This piece was inspired by a story John Mellencamp told at his fall of 2010 concert at IU. Since junior high when he was still known as Johnny Cougar, I have been inspired by the music and especially the poetic lyrics of Mellencamp. He shared with us that night that he had just turned 60 and how strange it was for him to have the young guys passing him on the street seeing an old man when he didn't feel that way at all. He added that he wanted to tell the youngins' that one day believe it or not, they will be old men too.
Before he sang his new release "Save Some Time To Dream," he told the back story. Mellencamp's 80 year old dad had phoned him and he was telling his dad ALL that he had going on and that life was happening at a frenetic pace. His dad listened and from the wisdom of 80 years on this earth, he advised his son, his child: "Don't forget to save some time to dream, Johnny."
This is my INVITATION to you all: SAVE some time to dream as dancing with the universe includes sitting still...DO. BE. DO. BE. DO.
Life expresses uniquely through each of us. These various expressions are the birthing of dreams throughout our lives which stoke the fires of an adventurous journey where we listen with the heart and let its wisdom guide us. The Yogis say the longest 18 inches is the journey from our head to our heart. The head often gets stuck in the expectations of family and culture, defining success as it has been conditioned to see it. Dreams are born of the heart which is the wisest part of us, the keeper of the truest self that is free, fierce, untamed and full of possibilities.
I remember the feeling of when I was living one of my dreams, owning a thriving business that I gratefully gave myself to day in and day out for over twelve years. And I remember the feeling when the dream that had been was no longer. My life had become stale, joyless, over-burdened with obligations. The passion was gone and I didn’t know what to do. I was afraid of jumping off the crazy-train because it was familiar and worried what others would think. I didn’t know who I was outside of what I did. I feared my husband wouldn’t love me if I wasn’t bringing home the money we had grown accustomed to and I grew increasingly bitter toward him for being so happy and enjoying life while I sacrificed myself (for us) like a good martyr.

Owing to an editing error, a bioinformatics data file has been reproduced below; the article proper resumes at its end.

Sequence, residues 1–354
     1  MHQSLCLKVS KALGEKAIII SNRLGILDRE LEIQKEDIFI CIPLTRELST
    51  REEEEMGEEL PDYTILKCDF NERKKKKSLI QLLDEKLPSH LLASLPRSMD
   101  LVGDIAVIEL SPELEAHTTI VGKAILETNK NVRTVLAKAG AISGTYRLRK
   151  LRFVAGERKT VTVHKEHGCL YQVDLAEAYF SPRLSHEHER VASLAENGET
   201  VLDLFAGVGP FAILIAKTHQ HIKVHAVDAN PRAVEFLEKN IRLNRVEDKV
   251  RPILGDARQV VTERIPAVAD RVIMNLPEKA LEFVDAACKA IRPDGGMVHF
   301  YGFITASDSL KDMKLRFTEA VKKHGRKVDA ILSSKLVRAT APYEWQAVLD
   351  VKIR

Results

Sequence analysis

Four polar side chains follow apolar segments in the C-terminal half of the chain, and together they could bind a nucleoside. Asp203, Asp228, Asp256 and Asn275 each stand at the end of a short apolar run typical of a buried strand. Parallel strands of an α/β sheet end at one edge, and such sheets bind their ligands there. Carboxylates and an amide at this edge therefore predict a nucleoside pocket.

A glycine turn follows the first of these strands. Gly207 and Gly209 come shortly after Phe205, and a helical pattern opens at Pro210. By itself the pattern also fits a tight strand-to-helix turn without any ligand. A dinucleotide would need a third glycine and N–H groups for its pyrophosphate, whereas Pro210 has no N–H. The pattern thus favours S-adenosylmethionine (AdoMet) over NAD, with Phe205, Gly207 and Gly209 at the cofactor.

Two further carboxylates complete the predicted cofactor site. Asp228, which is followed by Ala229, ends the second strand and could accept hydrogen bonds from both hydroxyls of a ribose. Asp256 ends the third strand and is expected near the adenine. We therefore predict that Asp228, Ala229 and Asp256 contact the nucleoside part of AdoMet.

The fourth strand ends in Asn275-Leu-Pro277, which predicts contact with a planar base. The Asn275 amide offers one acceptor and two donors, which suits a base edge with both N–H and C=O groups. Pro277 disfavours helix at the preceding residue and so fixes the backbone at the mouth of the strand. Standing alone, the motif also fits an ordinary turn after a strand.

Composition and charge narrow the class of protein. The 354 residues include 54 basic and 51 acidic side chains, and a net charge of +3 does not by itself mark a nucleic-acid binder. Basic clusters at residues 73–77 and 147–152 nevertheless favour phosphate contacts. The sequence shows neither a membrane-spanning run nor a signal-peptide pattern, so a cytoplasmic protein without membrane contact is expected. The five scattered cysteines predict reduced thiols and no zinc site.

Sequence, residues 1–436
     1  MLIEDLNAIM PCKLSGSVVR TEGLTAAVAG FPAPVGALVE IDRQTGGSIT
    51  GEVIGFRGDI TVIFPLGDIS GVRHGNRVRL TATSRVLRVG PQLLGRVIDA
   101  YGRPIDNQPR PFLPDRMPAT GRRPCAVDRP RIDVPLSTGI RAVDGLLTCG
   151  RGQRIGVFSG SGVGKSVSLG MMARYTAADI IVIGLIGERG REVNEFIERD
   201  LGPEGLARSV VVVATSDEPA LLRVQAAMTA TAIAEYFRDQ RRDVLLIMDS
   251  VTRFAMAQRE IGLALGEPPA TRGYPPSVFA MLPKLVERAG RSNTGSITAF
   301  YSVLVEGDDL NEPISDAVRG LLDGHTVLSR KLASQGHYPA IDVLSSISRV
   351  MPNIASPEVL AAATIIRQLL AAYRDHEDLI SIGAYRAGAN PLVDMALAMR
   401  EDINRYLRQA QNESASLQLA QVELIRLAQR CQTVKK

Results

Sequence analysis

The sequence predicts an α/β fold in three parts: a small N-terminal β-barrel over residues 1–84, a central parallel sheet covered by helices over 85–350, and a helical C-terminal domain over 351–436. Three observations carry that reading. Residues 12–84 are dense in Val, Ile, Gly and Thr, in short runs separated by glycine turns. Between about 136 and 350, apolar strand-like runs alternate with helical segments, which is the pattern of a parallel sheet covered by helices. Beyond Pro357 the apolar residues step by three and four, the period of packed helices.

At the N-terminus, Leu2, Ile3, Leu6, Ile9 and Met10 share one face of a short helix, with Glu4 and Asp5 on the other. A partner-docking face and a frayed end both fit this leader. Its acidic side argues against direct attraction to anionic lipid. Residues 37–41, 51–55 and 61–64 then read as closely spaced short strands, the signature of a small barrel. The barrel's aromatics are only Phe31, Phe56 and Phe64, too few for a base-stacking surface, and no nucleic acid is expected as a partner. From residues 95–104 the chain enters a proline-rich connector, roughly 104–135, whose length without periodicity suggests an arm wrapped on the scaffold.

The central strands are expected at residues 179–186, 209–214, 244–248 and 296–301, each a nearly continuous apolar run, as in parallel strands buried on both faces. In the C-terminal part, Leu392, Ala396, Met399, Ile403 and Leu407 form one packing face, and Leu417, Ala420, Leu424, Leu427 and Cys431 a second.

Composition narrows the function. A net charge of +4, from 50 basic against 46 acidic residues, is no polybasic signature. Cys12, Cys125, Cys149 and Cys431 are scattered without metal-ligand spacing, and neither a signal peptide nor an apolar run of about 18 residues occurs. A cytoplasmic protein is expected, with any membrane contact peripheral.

There was a stirring within that wouldn’t be dismissed, a struggle to repress or flow with what wanted to come through, but I continued to hide from myself with chronic busyness.
My brother had been battling metastatic prostate cancer and had received word that there was nothing more they could do. Looking into his eyes, I asked him, “How does it feel to know that your death is imminent?” His silence said what he couldn’t. In this sacred space, I felt safe to share with him that I wanted to write a book – something I didn’t want to admit to myself. He urged me on saying, “Don’t wait.” I knew he had experienced many dreams come true but many he had postponed would die with him. It became clear that life is now and someday may never come.
The next day I began to write my book which was a 2 ½ year expedition. I imagined myself gleefully typing away, but in actuality, I found myself on the floor in a puddle of tears wondering what the hell I had done, as I cracked open wider and wider. I had to let go of who I thought I was to allow more of myself to surface and this continues to be true as more life emerges.
Today, I understand fully the gift of this moment, this day and measure living the dream by loving my life. If I am not feeling the love, I assess what is blocking the flow of life and make choices that free me.
Meditation: The ancient Greeks did not write obituaries. At the end of a man’s life, they simply asked one question: Did he have passion? How would those who know you respond to this?
Action: Listen to John Mellencamp’s song, Save Some Time To Dream and read the lyrics: Save some time to dream…save some time for yourself…don’t let your time slip away…or be stolen by somebody else…save some time to dream ‘cause your dream might save us all.